Still In My Arms: Compiled by Bayu and Moopie
The child was wrapped up in swaddling bands as was still customary in Rome, where little infants wrapped up tight in this manner are called pupi (cocoons). The tiny, tranquil girl seemed to be the incarnation of peace.
I took her in my arms, and she lay there quietly. I moved on with her still in my arms.
Still in my arms: a compilation by Bayu and Moopie featuring Abfahrt Hinwil, Bauri, Boc Scadet, Gimmik, Lackluster, MD, Multiplex, Num Num, Plod and Proem.
Where was your favourite place to go as a child?
Frans Enmark: “When recording our music back in the 90s to early 2000s (so, practically as children) we often set up the studio in a clearing in the woods. In northern Sweden, it never gets dark during summertime so we would just stay up all night writing and recording. Most of our first album was written in that clearing whose natural sounds most definitely can be heard in the album. The acoustic element of our music from that time was actually the nature.”
How did you meet your best friend?
Martin Abrahamsson: “I'm not sure. There have been a bunch. Lots of my best friends moved away when I was a kid.”
Were there any particular items in your house that you remember?
Martin Haidinger: “My first tape recorder, a little mono device with a built-in microphone. Our next door neighbour had a massive stereo in his loft—he played the latest singles every night loud enough for me to hear. I liked one song so much that I wanted to know what it was, but I didn’t have the guts to ask him. So, I taped it with my little tape recorder through my open window. The next day, I took the tape to a record shop to listen to it. When they played it, the only things we could hear were hiss, the occasional car passing by and a few birds. In the background there was an unidentifiable noise. Years later I found out the song was ‘I Feel Love’.”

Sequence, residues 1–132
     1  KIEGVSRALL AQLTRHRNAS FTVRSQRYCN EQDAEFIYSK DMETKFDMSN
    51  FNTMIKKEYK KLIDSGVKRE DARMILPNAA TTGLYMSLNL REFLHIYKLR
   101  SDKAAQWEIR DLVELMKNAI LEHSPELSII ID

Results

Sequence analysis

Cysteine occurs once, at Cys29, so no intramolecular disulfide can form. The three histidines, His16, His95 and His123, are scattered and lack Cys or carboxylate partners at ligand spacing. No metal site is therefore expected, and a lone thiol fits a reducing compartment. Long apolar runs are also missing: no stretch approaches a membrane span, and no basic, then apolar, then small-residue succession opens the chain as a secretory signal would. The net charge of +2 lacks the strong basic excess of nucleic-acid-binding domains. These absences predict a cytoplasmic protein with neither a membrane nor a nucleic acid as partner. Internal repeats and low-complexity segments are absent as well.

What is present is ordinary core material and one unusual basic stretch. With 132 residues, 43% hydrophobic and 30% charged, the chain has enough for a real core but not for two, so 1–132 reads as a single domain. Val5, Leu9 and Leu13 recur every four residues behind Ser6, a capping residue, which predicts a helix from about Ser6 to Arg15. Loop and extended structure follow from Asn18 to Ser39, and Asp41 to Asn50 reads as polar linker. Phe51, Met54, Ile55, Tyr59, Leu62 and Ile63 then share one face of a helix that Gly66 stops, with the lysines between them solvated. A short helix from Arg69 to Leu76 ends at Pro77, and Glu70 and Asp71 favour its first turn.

What do you like daydreaming about?
Lawrence Grover: “The places that I used to go to, but can't find anymore.”
Who were your heroes when you were young?
Esa Ruoho: “When I was young, my hero was this guy that was—I guess you'd call people of his ilk—a polymath, excelling in graphics, design, programming and especially music. He was also a mentor, graciously showing me things about music and sampling, sharing his songs so I could study their files, pattern and composition and giving me feedback on my stuff. He'd show me apps after having studied them at great detail, showing me tricks that I still use to this day. We even tried collaborating at points. He also told me that I could do things I thought I couldn’t, such as grasping and comprehending scripting to create meaningful snippets of code—things that I also still use to this day. So, in essence, he believed in my capabilities when I didn't know I had them, never put what I was doing down and was overall just a really inspiring guy to hang around: always looking at something new, testing this or that, building new patches, advancing his craft. You guessed it, I am—of course—talking about Brothomstates, also known as Lassi Nikko.”
What were your favourite games and hobbies?
Richard Bailey: “I still have favourite hobbies and games. They are pretty much the same ones I’ve always had: music, art and Metroid.”
What was your favourite book or movie growing up?
Roland Dormon: “The Little Red Hen and The Red Balloon.”